A slightly fictionalised account of a recent lunch. No actual photos of the day, because sometimes a camera can just spoil it all…
She had only meant to stop by quickly, just to say hello, and ask about Madame’s health, and maybe take a quick tour of the garden spreading out behind the château, and where she knew the spring bulbs would be in flower.
The truth was that she was feeling guilty because she hadn’t been recently and so she took a box of fancy biscuits by way of saying “I’m sorry, I don’t know how the days go by so fast” ……
She knocked at the château door, and a few minutes later it was pulled open slowly by Madame. Small, white haired, blue eyed, a sprightly eighty something, dressed simply in black trousers and turtle-neck sweater. Once inside, there was no fear of guilt or reproach for her prolonged absence, simply the same warm welcome, kind eyes and natural elegance that had always characterised Madame, since the day she had first met her, over twenty years ago.
“Ah vous voila, …oh, des biscuits! … merci, you are very kind. …. Come in, come in, sit down and tell me how you are”
They had only been talking for a while when the invitation popped up unannounced and spontaneous “But why don’t you stay for lunch, I have my friends Beatrice de N. and Laure de T. who are coming, there is enough for you too”
A negative answer was not really an option, and frankly the prospect of lunch with three distinguished ladies, of a certain age, in a beautiful château … well, it was simply too tempting to refuse.
“Come along, come into the kitchen, I still have to prepare for the lunch”.
She knew the kitchen already, quite large, high ceilings, the walls tiled in old blue and white squares and a long heavy wooden table running down the centre. Together they checked on the stuffed tomatoes in the oven.
“Do you think there is enough, yes I am sure, …… can you cut this bread please …….. will you drink wine with the meal? no, neither do I at midday …… I have a very nice Camembert cheese, let us put it on this plate ……” Madame chatted easily as they laid the table together and prepared glasses for an aperitif before the meal.
Her friends arrived on time, and walked in through the main entrance, laden with baskets of food. “But I have already prepared the lunch my dears, what is all of this?!”, Madame was laughing. “Oh well, it doesn’t matter ma chère, then you will have some left for your dinner tonight”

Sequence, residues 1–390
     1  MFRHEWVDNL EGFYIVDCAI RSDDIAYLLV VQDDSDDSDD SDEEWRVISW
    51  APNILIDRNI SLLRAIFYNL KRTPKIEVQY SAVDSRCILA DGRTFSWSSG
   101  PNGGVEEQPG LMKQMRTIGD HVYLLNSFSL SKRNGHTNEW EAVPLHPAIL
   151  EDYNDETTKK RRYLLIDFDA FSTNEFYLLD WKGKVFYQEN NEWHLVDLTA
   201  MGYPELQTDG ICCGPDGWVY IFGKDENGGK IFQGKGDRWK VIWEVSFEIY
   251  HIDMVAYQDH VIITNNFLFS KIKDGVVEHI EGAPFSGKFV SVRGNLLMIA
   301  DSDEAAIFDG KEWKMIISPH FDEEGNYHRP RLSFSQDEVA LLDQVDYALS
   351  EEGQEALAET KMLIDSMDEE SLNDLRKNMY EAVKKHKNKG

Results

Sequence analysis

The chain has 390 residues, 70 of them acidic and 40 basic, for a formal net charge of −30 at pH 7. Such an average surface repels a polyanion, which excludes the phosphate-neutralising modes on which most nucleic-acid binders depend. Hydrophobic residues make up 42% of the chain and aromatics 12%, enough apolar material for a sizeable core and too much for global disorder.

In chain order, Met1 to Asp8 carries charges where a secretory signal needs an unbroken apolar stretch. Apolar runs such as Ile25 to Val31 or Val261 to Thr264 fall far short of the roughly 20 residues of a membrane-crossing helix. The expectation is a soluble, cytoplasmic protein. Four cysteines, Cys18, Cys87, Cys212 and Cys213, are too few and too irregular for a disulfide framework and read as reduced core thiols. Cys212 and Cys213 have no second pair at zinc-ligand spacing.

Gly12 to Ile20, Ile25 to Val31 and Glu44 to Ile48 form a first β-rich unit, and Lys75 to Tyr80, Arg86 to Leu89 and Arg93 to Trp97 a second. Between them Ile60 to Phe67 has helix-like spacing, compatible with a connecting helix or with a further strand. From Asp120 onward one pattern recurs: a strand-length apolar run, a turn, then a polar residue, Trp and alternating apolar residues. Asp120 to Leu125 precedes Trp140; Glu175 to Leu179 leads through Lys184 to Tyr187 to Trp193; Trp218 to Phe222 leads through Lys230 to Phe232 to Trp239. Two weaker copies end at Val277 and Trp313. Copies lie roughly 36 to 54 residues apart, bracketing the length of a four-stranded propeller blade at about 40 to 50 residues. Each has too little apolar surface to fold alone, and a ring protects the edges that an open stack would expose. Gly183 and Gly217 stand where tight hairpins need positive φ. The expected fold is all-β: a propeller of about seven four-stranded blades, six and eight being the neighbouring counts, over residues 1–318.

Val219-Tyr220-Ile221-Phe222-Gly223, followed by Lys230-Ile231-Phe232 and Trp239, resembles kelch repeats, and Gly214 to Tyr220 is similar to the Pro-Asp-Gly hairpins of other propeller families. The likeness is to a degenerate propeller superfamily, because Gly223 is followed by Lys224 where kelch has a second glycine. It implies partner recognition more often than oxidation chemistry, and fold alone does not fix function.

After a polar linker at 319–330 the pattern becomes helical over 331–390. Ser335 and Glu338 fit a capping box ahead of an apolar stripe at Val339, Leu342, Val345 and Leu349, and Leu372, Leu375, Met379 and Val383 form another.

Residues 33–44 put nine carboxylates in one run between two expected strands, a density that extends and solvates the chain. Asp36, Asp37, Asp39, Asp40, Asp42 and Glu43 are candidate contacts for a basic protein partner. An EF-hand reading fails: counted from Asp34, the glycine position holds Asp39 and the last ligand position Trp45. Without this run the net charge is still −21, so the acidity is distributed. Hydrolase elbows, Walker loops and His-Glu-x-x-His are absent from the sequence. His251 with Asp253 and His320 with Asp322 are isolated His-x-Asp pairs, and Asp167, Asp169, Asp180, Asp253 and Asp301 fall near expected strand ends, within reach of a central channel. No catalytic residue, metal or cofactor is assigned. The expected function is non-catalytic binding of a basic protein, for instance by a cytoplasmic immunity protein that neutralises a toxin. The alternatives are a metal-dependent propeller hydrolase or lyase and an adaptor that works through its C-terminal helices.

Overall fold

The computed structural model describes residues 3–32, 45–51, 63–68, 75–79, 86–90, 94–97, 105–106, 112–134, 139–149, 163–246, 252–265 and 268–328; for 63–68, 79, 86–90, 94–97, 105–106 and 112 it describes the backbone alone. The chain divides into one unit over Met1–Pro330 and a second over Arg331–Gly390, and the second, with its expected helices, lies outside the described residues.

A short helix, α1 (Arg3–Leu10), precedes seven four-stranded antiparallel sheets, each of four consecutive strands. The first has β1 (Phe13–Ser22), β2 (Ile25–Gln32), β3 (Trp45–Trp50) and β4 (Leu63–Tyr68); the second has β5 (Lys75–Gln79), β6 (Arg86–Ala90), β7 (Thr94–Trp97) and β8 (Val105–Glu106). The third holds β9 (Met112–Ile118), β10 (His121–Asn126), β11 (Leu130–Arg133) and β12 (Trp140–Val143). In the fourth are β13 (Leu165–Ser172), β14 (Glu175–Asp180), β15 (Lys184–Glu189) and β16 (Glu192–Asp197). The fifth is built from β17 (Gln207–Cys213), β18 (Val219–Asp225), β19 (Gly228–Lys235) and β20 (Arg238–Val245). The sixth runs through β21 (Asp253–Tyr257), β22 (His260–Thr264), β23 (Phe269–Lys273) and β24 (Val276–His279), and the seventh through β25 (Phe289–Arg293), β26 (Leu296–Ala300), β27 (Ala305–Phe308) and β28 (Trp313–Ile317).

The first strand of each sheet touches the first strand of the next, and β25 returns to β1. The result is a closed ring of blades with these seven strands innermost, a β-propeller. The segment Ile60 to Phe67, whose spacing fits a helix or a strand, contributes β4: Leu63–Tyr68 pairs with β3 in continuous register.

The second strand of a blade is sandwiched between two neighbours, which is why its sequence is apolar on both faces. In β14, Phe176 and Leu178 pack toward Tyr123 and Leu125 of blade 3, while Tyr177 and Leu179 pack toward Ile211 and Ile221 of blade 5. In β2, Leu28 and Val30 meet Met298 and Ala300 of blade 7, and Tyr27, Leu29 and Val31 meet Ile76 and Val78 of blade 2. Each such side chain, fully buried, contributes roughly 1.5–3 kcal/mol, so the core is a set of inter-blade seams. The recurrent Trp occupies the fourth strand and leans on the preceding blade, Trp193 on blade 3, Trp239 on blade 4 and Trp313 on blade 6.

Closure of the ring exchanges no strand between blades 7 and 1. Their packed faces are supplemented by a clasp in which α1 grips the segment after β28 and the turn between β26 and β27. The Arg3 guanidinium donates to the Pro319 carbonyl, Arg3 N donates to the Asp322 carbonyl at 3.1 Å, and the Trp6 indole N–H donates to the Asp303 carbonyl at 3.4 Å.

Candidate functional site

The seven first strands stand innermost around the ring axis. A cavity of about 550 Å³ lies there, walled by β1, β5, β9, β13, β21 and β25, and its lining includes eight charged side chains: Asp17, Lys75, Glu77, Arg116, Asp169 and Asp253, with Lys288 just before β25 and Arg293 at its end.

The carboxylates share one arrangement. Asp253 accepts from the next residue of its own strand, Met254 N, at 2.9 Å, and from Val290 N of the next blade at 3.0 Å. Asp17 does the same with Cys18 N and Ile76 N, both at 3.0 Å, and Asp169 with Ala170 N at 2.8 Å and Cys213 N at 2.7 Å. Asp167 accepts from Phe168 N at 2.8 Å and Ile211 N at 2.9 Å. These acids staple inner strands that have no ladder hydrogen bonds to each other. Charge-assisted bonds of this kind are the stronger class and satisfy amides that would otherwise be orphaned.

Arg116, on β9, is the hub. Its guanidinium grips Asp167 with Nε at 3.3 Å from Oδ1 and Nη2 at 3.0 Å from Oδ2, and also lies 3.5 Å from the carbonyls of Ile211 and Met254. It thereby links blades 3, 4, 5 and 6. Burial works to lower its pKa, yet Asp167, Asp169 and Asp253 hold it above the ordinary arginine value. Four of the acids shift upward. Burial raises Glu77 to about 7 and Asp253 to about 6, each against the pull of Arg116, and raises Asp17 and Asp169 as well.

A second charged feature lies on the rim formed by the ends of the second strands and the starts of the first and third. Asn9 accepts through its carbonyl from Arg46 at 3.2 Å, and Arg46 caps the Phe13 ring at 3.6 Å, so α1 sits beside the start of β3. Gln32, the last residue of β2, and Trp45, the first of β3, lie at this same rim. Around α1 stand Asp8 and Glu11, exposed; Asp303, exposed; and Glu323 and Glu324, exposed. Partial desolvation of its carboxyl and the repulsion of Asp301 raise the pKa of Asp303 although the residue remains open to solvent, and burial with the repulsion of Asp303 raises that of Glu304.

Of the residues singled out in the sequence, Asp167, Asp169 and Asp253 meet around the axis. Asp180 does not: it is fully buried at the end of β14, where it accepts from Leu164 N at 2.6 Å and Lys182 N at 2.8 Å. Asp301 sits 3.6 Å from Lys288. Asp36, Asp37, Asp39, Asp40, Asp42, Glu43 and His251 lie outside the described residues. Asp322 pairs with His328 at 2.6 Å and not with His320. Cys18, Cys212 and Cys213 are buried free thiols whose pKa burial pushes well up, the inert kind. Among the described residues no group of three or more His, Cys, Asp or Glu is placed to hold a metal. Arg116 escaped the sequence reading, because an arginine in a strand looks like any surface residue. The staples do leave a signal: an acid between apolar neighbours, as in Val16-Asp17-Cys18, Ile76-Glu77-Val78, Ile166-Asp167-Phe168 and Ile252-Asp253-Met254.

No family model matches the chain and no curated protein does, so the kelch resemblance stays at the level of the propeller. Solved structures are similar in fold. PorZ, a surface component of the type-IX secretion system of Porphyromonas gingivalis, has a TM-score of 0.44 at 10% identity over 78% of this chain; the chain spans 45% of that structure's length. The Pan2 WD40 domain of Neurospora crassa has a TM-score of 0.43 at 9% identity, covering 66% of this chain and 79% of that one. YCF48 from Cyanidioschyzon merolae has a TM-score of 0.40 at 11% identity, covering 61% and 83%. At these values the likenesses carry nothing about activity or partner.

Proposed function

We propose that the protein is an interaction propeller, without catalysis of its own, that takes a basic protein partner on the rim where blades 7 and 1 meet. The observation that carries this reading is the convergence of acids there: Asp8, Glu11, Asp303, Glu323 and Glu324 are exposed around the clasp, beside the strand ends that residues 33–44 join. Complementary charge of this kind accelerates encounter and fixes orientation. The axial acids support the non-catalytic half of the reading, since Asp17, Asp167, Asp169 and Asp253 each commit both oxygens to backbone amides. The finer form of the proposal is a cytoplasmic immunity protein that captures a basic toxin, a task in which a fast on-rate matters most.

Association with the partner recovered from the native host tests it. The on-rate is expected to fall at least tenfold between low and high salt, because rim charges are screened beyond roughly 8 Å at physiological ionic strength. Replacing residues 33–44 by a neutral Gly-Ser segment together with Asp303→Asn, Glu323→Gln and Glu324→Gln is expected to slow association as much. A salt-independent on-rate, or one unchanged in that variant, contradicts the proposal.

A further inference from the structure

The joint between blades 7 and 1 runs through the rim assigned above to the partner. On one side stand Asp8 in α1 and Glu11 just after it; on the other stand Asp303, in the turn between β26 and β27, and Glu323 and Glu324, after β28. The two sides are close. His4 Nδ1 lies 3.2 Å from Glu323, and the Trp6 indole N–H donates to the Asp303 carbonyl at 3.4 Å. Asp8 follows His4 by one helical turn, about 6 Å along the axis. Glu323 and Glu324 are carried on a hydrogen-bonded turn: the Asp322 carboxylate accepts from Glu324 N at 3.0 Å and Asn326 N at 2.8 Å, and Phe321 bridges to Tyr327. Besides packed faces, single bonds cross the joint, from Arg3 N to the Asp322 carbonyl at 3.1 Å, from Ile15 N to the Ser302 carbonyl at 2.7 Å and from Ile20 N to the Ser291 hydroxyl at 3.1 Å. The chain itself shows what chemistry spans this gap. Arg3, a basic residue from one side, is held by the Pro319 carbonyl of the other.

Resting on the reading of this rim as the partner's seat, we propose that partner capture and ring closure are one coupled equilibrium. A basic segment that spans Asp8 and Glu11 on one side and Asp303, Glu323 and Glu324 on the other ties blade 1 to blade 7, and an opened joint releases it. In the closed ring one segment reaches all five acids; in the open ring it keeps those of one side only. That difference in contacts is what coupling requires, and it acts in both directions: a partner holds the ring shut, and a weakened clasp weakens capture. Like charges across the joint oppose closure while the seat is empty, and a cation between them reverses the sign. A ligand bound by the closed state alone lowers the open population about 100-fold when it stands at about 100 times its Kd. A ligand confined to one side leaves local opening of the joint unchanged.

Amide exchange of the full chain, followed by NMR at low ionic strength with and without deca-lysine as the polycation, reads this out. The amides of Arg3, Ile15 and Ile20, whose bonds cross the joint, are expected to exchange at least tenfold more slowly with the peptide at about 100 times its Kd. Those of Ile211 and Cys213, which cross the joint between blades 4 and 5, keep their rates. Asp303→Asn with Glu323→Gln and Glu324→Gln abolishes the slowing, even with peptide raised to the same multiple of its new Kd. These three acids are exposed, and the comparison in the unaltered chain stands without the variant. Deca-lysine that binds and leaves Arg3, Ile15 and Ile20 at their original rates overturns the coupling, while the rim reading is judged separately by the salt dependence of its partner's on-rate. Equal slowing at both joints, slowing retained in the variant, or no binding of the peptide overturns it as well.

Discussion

She could see that Madame’s friends were keen to take care of her, to keep her company and be sure she had all she needed. They all walked into the kitchen and there was a momentary flurry as one of the guests re-organised the menu, popping more food into the oven, preparing an extra salad. It was relaxed and pleasant, old familiar friends who had no need to stand upon ceremony, nothing to prove.
Conversation was quick and amusing. They jumped from a minor local scandal; to the work they were each undertaking in their respective properties; to the difficulties encountered when hiring a gardener; to the curé’s sermon last Sunday in church; to their grandchildren and finally to some happy memories from their youth, and their days of dancing late in the châteaux ballrooms, of champagne, of music and … of love.
And while they talked, she observed, smiling. Posed the occasional question, listened carefully to every word, watched every glance. She quickly understood that all those present were grand aristocracy, names were mentioned that were an integral part of french history, yet to them they were just lifelong friends.
And then her eyes wandered to her surroundings; the long table; the glass fronted cupboards full of the family china; and she realised that even though the tableware was silver and the glasses were crystal, there was no sense of putting on airs and graces – this was simply the way that things were done. This was a very simple lunch, shared by old friends, and she was privileged to be a part of it.
PS. Many people are asking about the porcelain in the photos here. They are simply pictures that I found to illustrate my tale. The service is French, Porcelaine de Paris, dating from Louis Philippe, so around 1850.